opinion web
Liberal Opinion General Opinion
Matt Towery
Matt Towery
18 Dec 2014
Why Trump Should Run

The elite media will scoff at a potential Donald Trump candidacy for president. They will consider it a … Read More.

11 Dec 2014
Don't Be Fooled by Sudden Drop in Oil Prices

So the price of oil suddenly plummets by more than 40 percent from June of this year to early December. … Read More.

4 Dec 2014
Even Advocates of Past Governments Shutdowns Advise Extreme Caution This Time

In years past, this column has urged conservative Republicans in Congress to shut down the federal government … Read More.

Any Political Machine Can Come to an End


ATLANTA — An upcoming municipal election may reveal some clues about the drift of American politics, and about the nature of politics itself.

Political machines thrive, only to die one day. Witness what's happening in Atlanta. Based on both our own InsiderAdvantage surveys, and on a poll by the highly regarded SurveyUSA, it appears that one of America's most powerful municipal political machines is sputtering to a halt — that of the nearly 40-year reign of African-American mayors in this town.

Atlanta was one of the first major cities in the nation to elect a black mayor, in 1973. It was certainly the first big city in the South to do so. Back then, "white flight" to the suburbs spawned a downtown electorate that was more and more African-American. Beyond that, the city seemed ready to embrace the concept of change that came with the election of a minority to office. The late Maynard Jackson was charismatic, charming and brilliant. He had served as vice mayor before besting the incumbent white mayor in a runoff.

His ascendance started the emerging Atlanta tradition of passing the mayoral torch from one black leader to the next. All this in a town where comparatively tight city limits came to hold roughly half-a-million citizens within a greater metro area of some 5.5 million.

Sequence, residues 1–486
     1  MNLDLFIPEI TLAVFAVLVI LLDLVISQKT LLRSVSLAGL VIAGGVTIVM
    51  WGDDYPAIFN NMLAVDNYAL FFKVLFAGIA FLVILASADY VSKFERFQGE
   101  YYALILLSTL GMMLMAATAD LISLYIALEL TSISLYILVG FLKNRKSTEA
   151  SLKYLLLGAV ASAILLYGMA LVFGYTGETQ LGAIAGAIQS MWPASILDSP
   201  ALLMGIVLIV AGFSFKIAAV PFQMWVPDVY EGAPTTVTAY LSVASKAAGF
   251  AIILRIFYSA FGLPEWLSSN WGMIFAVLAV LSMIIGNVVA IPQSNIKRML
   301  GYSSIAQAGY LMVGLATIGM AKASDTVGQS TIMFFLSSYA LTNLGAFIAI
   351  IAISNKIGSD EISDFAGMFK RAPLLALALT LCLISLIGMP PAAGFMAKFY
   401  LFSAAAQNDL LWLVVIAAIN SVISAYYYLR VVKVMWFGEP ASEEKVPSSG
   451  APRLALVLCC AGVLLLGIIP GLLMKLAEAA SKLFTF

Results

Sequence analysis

As little as three years ago, you would have been dubbed a political naif had you suggested that a race for mayor here could be leaning towards a fiery, petite white woman with no ties to anything like a downtown machine. Yet the polling in this race points to a spot of apathy among some black voters, even just a year after a record number of blacks turned out for Barack Obama.

Race is always a factor in elections like this. Atlanta has large blocs of both white and black voters, plus a burgeoning tide of other minorities. But race doesn't look to be the determining factor this time. In my judgment, the Nov. 3 vote for Atlanta mayor may well be determined with neither of the two major African-American candidates even making it into a runoff, which would be held three weeks after the initial vote.

Ironically, the bigger theme of the mayoral race that may come to be known as the "upset in Atlanta" is the same one that put Obama in the White House: change.

Many of Atlanta's problems simply come with being a big city.